by Joshua Pietzold and Giovanni Ortiz
This Halloween, Daniel Saba wore an arrangement of Hillary Clinton-endorsed bracelets on his wrist, varying in color between blue and white and branded with her campaign slogan, “I’m With Her”. But this was no Halloween costume. He’s bought a variety of campaign merchandise to support Clinton ever since she won the Democratic nomination, from bumper stickers to t-shirts. He wears them almost daily.
While other people may not be buying or wearing Clinton’s merchandise, Saba’s not the only person on Long Island who’s “with her”.
Support for Clinton on Long Island has gone from 41 percent in September to 46 percent, while support for Trump has fallen five points to 35 percent, according to a poll conducted by Hofstra and News12 released on October 21.
“The last few weeks have been particularly troublesome for Donald Trump, which is probably responsible for the movement captured in the poll,” Craig Burnett, assistant professor of political science at Hofstra University, said.
Trump’s recent scandals – which include his treatment of women and the issue of concession if he loses – have definitely taken their toll on his campaign.
Another poll by News12 released October 26 shows that Clinton leads Trump by 3 points on the issue of trust.
“I don’t like him at all. So, If there has to be one, I’d go with Hillary. But I’m still scared for either one of them. Trump is a disaster. He doesn’t even know the difference between 9-11 and 7-11. So if he can’t get that right, I don’t know what he can get right with the United States as a whole,” Philana Aiken, a Lake Grove resident, said.
Some are so dissatisfied with the election season as a whole that they won’t be voting.
“I just don’t think either of them are good enough, so it’s why I don’t vote. It’s just not worth it,” Ezra Apaza, another Lake Grove resident, said.
Nationally, Clinton has a 6-point lead over Trump — 47 percent to Trump’s 41 percent. When looking at the data for the past Saturday and Sunday only, her lead remains the same even after the FBI reopened the email investigation, according to NBC News’ SurveyMonkey Weekly Election Tracking Poll.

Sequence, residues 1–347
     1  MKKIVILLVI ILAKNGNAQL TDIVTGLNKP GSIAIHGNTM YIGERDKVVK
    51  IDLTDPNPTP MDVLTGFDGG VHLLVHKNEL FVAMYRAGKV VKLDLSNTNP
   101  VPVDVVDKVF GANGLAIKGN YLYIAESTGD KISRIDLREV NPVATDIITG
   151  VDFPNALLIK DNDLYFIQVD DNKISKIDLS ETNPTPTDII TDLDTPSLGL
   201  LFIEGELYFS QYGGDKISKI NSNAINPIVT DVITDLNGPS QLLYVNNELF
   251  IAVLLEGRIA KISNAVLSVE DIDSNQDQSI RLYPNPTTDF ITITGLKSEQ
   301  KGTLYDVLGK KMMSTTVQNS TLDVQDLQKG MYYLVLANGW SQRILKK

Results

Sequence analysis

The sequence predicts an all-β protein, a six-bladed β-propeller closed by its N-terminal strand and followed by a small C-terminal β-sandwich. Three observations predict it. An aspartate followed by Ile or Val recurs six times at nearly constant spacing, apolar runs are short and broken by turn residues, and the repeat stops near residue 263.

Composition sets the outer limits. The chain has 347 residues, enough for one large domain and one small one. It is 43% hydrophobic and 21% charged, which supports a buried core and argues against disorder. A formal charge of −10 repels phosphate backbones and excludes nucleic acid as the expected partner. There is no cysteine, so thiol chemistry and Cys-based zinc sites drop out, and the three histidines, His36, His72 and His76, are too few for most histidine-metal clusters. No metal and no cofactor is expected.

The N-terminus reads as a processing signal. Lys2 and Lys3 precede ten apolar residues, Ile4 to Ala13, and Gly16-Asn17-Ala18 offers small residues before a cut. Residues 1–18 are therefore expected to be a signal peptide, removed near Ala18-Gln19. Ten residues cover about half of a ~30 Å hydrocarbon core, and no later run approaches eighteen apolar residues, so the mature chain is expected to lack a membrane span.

“I see Hillary Clinton winning the election, unless the recent letter from FBI Director James Comey has an outsized impact,” Burnett said. ‘It seems unlikely, but 2016 has been an election that has failed to follow expectations.”
Suffolk and Nassau counties have voted democrat since 1996. Although sometimes democrats have won only by close margins, New York as a whole has not elected a Republican president since 1988, according to the New York Times.
The New York Times’ election predictor The Upshot, which collects data from polls nationwide, has Clinton standing with an 89 percent chance of winning the election.
“I think that polls reflect general enthusiasm from the people the survey reaches out to,” Andrew Gelman, professor of statistics and political science at Columbia University, said. “When something breaks in the news about a candidate, it’ll affect the polls, which can change everyday.”
As new polls are released daily up to election day with varying results, it’s in the hands of the voters who will be the next President of the United States. For now though, the data points to Clinton.